Gregg M.

  4. As a flight attendant, the turning off devices at take off and landing are about safety. There will be two times we have the option to crash and evacuate….take off and landing.
    Those are the two times I want my passengers at least somewhat paying attention to what happens. If everyone is hooked up, with their devices out, if there is an abandoned take off with gear failure, the last thing I want is computers flying everywhere and no one hearing what the heck just happened. Have someone lose their computer, iPad, Blackberry, etc., their FIRST INSTINCT is to go and retrieve. NOT listening to what is actually going on and following flight attendant directions to evacuate.’
    I have witnessed passengers losing control over devices they are holding upon take off….we’ve hit rough air, or the wake of a big plane in front of us. Yes, a passenger will LEAVE their seat during a steep climb or descent and go after the electronic device instead of staying buckled in.
    Best to have them off and stowed until 10,000 feet.

  5. Hi, Debi
    Thanks for sharing your view of this issue.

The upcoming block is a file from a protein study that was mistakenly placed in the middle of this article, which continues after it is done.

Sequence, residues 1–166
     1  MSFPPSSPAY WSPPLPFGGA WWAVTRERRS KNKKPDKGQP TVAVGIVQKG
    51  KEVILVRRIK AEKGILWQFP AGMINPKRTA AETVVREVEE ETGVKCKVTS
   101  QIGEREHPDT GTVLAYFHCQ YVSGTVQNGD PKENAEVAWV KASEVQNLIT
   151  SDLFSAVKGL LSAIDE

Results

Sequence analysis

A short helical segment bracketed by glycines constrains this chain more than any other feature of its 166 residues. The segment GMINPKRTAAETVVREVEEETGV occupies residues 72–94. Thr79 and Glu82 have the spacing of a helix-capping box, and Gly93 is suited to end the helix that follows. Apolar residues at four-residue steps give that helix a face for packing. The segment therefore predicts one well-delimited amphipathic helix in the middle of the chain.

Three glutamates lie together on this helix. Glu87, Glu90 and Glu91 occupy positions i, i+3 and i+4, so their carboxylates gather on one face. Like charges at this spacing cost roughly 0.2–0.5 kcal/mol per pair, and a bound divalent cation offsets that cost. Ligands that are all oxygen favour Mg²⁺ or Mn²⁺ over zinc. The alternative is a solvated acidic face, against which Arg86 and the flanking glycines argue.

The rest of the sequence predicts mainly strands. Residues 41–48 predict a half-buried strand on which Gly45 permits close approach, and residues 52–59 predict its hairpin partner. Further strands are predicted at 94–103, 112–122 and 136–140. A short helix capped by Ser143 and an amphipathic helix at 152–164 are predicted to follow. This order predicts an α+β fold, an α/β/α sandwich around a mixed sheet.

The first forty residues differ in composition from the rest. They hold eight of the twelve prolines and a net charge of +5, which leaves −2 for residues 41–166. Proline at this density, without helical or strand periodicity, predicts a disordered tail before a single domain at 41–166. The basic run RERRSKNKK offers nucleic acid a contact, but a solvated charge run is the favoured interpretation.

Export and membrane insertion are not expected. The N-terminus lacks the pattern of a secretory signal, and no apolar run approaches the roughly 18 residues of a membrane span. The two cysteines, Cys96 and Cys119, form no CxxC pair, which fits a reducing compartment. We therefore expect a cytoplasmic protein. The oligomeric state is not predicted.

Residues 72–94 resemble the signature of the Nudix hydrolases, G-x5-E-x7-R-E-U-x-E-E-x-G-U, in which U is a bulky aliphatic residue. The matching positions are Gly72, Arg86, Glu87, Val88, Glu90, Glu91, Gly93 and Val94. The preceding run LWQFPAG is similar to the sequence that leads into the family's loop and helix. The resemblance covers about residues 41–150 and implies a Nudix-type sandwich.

Do you really think that if you sound an alert over the PA system and say ‘Brace! Brace! Brace!’ some people are going to be too busy doing whatever else to respond? And is being engrossed in a good book, or the brilliance of the in-flight magazine, less dangerous than to be reading on a Kindle or working on a spreadsheet?
    If you are concerned about objects flying around in teh cabin, I don’t understand why it is safe/permissible to have a big heavy book in your lap, but not a lightweight tiny Kindle reader?
    And if this is all about flight safety, why don’t you tell us that, rather than make the spurious claim that it is an FAA regulation to do with electronic interference?

  6. ‘Which would you prefer, to have your noise cancelling headphones on, and for the plane to crash and burn; or to take your noise cancelling headphones off and fly safely?’ it seems an easy choice to make.
    Most of the airline magazines state that noise cancelling headphones are ok to use.

  7. Most of the airline magazines state that noise cancelling headphones are okay to use – but only while in cruise flight, not at take off or landing.
    Don’t tell me you haven’t been listening to the flight attendants badger you into ‘turning anything and everything off that has an on/off switch’ – because that surely includes noise cancelling headphones.

  8. Perhaps Debi S or someone else can explain why, after landing, “You may now use your cell phones. All other portable electronic devices must remain off until we are parked at the gate.” Why must all other devices remain off? Is this also to minimize distractions, perhaps to expedite disembarking? It certainly can’t be due to electronic interference!

  9. Pingback: Weekly Roundup Friday 3 June 2011 » The Travel Insider